In , we defined the Riemann integral on intervals of . We shall now prove some theorems pertaining to it. Below, we will let denote the Riemann sum of associated with tagged partition .
Definition 1 A piecewise function defined on a bounded interval is defined by partitioning into a finite number of sub-intervals and defining on each of the s a function such that for , . We say that is piecewise continuous if each of the s is continuous. One can, here, replace “continuous” with any other qualification of function, such as “smooth”.
Proposition 1 We have the following properties of Riemann integrable functions.
- If is Riemann integrable on two disjoint intervals , with the Riemann integrals equal to , then is Riemann integrable on , with
- Let be an interval containing interval . If is Riemann integrable on , it is Riemann integrable on both and , with
- If on any interval , both and are Riemann integrable, then is also Riemann integrable on , with . Moreover for any , is Riemann integrable on with . In other word, the Riemann integral on operator is a linear operator on the space of Riemann integrable functions on .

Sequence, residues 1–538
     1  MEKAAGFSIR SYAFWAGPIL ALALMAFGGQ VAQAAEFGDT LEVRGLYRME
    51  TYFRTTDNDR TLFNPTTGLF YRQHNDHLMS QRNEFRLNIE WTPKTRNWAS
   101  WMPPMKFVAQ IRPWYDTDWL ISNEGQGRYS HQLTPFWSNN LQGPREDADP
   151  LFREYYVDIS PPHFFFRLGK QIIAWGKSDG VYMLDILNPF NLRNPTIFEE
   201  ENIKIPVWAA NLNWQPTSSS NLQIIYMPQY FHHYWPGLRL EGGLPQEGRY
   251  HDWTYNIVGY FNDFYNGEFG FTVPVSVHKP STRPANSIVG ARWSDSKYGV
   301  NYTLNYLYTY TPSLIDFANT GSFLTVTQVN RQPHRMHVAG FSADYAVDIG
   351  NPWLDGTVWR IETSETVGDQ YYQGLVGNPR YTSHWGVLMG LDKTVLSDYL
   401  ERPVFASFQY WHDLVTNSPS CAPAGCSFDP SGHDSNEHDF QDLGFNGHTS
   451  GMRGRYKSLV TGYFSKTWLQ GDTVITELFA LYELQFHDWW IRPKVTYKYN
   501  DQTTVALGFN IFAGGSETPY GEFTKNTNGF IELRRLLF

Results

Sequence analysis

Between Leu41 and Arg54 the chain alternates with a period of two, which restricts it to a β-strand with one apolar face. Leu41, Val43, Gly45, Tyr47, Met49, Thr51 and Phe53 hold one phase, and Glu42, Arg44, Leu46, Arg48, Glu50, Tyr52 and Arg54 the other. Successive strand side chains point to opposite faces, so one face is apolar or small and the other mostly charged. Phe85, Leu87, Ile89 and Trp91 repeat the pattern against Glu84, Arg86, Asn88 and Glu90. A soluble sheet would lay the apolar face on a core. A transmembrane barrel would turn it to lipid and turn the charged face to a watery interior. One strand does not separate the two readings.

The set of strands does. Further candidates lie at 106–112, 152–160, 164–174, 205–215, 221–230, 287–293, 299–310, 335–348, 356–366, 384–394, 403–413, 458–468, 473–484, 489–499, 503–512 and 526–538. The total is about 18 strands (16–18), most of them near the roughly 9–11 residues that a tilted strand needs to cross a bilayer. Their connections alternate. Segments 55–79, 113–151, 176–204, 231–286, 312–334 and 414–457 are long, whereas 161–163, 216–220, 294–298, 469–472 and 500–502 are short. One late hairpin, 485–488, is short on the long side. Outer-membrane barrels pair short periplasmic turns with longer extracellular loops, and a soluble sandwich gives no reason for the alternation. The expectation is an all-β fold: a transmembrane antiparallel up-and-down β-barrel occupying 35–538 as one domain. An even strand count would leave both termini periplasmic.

Proof: For (1), we take a tagged partition of satisfying and a tagged partition of satisfying . Formally, this says that any refinement of is such that and similar for . For we use the tagged partition . One easily verifies with the triangle inequality that any refinement of it satisfies .
For (2), take any tagged partition of that contains the endpoints of . The equivalence of (3) of Lemma 3 from  with Riemann integrability tells us that for any , there exists a refinement of such that for any which are refinements of ,
Both of can be split into tagged partitions of and , which we denote via and (where the second index represents whether or not the partition is defined on or , such that
If by contradiction were not Riemann integrable on one of , then there would by Lemma 3 of  exist an for which there does not exist a partition that is a refinement of such that the split of any two refinements of it into partitions on , which we denote as and , satisfies both
Setting and using the triangle inequality on the above would thus violate the existence of a refinement of which guarantees , which would imply that is not Riemann integrable on , a contradiction.
With similar logic, one proves Riemann integrability of on . The integral equality of then follows directly from .
The proof of (3) we leave as an exercise to the reader.
Proposition 2 Any continuous function on is Riemann integrable.
Proof: We construct a sequence of tagged partitions of . We let the th tagged partition be given by